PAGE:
Tea and Tea Bubble Tea Shop home
Meet Kao Khamphilavong, owner of tea and tea in Portland and Beaverton, Oregon

Meet Kao Khamphilavong: Q&A With the Owner

Meet Kao Khamphilavong in CanvasRebel's Q&A, an entrepreneur sharing his journey of opening Tea & Tea, a successful Oregon bubble tea shop chain.

In this insightful Q&A hosted by CanvasRebel.com, Kao Khamphilavong, the passionate entrepreneur behind the successful Tea & Tea bubble tea shops in Oregon, shares his journey of resilience and determination. From observing details in other shops to experimenting with recipes at home, Kao’s relentless pursuit of his dream led to the opening of his first bubble tea shop, and eventually, to a thriving business with multiple locations. His story of overcoming challenges, particularly during the pandemic, is a testament to the power of community support and the courage to pursue one’s dreams.

Hi Kao, thanks for joining us today. What do you think it takes to be successful?

The courage to act on moving forward with your goals even when you don’t know how everything will come together. When you seek, the answers will appear. Before I opened my first bubble tea shop, I didn’t know how I was going to do it. I just knew I wanted to open one. I didn’t know how to make the drinks. I didn’t know where I could get my supplies. I didn’t know where to get the equipment. I didn’t even know anything about building a retail store from scratch.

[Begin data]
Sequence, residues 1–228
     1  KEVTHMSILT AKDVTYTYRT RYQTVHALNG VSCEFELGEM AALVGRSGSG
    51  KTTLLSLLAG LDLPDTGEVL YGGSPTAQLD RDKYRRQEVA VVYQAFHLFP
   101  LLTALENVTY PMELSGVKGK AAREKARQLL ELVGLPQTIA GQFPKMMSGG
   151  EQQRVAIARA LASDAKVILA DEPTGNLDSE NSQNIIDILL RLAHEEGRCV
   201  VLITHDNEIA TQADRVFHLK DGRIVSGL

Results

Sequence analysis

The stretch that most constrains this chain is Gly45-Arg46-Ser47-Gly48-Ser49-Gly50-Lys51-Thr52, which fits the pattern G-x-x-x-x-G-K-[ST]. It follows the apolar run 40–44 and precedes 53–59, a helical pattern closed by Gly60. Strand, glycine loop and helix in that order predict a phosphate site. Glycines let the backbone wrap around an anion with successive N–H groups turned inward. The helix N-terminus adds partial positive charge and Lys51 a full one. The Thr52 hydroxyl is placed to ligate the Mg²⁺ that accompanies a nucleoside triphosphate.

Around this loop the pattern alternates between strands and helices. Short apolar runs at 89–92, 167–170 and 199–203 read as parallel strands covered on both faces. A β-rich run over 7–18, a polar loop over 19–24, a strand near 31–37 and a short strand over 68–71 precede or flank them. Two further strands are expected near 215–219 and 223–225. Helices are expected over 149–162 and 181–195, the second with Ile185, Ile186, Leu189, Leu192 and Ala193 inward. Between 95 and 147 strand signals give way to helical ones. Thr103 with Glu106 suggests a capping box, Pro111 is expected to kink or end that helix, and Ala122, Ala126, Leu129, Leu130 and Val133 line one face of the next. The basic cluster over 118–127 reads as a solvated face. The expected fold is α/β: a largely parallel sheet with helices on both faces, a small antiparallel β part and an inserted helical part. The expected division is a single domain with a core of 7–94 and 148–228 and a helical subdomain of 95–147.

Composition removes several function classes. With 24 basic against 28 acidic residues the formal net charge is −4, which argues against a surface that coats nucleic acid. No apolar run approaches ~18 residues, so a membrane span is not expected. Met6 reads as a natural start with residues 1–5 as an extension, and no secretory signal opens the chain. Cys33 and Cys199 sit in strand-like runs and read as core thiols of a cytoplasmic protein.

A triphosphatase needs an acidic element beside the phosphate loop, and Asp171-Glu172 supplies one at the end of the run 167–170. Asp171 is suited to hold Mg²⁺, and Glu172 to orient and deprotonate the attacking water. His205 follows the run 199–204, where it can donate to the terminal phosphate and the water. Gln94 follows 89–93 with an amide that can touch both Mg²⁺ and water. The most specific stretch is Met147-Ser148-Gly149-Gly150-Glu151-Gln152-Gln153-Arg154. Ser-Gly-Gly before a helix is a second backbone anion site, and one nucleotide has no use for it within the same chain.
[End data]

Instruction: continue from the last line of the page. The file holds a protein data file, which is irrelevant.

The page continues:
Then I went to work looking for the answers. I went to as many bubble shops as I could and observed every detail from decorations, tables and chairs, counters, equipment, how drinks were made, how many employees were there, and took mental notes of how my shop would look like. I went on YouTube, Facebook, Instagram, Pinterest, and Google trying to look for information. I spent hours on YouTube watching videos on how to make drinks and boba. I flew out to one of the suppliers who offered to show me how to brew tea and make drinks from their ingredients. I experimented with making drinks at home over and over again for my family to try. That was just the first part of learning.

They said our drinks helped provide them with comfort food during the pandemic.

Kao Khamphilavong | Tea & Tea Owner

The other part was building the actual store and working with contractors and the city to make my goal come true. One year after conceiving the idea in my head, I opened my first bubble shop. Four years after opening the first shop, we now have 4 shops in the Portland and Beaverton area and a brand new location on the way in downtown Portland. Have the courage to act on your dream even if it is just a tiny little step. You might not know how, but the answers will come as you seek. I promise you that.

As always, we appreciate you sharing your insights and we’ve got a few more questions for you, but before we get to all of that can you take a minute to introduce yourself and give our readers some of your background and context?